After spending millions of dollars and tracking hundreds of moose with GPS collars, scientists have pinpointed the primary culprit behind the animal's ever-shrinking numbers in Minnesota.
It's the deer. Parasites they carry into Minnesota's North Woods have emerged as the leading cause of death for moose, state and tribal biologists have concluded.
But solving that mystery creates a thornier one: How can state wildlife managers balance efforts to save the iconic moose with the demands of hunters who want more deer in Minnesota's far North Woods?
Minnesota has an estimated 500,000 deer hunters, and they provide about $20 million a year to the state Department of Natural Resources while supporting powerful and well-organized hunting organizations.
"We don't have a Minnesota Moose Hunters Association," said Carrol Henderson, nongame wildlife manager for the DNR.
The strong pull of Minnesota's whitetail culture and its economic impact show up loud and clear in DNR surveys of landowners and hunters in that part of the state, as well as in the sometimes-contentious debate among citizen committees that advise the DNR on deer management.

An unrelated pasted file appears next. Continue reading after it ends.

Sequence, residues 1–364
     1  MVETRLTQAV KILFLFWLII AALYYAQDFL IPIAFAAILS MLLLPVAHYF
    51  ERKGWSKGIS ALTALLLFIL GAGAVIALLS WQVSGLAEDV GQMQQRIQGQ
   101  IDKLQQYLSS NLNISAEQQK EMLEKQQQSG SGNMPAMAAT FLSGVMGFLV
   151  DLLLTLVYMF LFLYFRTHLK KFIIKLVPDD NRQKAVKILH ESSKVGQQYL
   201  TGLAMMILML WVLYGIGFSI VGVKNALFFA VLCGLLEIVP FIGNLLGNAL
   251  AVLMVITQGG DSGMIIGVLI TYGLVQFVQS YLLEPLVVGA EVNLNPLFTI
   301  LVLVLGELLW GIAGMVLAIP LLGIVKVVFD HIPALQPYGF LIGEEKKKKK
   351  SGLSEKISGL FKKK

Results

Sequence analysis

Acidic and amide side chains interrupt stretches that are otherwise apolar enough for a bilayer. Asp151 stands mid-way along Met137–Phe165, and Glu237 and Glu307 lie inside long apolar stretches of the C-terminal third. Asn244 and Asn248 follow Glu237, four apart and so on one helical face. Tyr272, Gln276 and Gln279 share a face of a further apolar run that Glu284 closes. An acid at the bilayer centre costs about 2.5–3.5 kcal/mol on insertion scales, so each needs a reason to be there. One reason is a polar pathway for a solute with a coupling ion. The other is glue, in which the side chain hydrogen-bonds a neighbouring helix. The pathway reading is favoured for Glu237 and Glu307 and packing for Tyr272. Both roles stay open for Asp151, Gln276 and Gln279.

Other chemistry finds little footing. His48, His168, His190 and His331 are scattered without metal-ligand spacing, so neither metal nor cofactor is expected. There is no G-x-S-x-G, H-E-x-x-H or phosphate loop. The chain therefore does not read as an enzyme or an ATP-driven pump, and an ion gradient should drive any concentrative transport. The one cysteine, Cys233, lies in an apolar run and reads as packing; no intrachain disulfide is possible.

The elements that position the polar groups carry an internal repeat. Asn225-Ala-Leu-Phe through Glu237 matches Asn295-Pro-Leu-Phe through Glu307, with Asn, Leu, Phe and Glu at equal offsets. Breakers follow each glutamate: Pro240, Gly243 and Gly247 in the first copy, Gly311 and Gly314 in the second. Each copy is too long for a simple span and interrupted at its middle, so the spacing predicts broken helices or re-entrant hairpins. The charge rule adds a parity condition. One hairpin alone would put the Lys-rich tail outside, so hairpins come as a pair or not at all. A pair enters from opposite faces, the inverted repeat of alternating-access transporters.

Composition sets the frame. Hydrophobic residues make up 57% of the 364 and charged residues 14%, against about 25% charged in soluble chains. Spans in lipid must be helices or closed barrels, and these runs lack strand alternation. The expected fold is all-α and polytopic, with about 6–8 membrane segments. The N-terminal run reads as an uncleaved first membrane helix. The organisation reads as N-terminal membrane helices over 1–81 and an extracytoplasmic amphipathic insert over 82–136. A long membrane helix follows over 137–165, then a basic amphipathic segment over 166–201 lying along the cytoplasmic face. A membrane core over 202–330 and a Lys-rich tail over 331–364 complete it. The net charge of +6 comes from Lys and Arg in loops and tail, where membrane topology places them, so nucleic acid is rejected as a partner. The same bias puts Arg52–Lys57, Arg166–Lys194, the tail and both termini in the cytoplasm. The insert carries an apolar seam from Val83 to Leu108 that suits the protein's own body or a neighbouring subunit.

"Deer hunting brings in more money to the state than moose," said Randy Bowe, a longtime hunter on the North Shore of Lake Superior and owner of a taxidermy business in Duluth. "I don't know of anyone who purchased land to moose hunt."
Minnesota's pine forest has always been the most southern edge of the moose country that stretches across the northern part of the continent. The huge animals used to roam across the top of the state, numbering more than 8,000 as recently as 2005. But in the past 12 years their numbers plummeted, and the 4,000 or so that are left congregate in the Arrowhead region between the Boundary Waters Canoe Area and the North Shore.
The speed of their demise flummoxed biologists and launched some of the most ambitious moose research projects ever conducted -- one by the DNR and another by the Grand Portage Band of Chippewa. Both relied on sophisticated satellite-connected GPS collars that tracked moose through their daily lives, and many to their deaths. Between the two studies, about 83 carcasses, or parts of them, were extracted from the woods and trucked to the University of Minnesota for moose autopsies.
They found that moose die for a lot of reasons. Wolves and bears eat their young and injure the adults. Bloodsucking ticks, which survive shorter winters in ever-greater numbers, weaken them. And the impact of climate change is still an open question.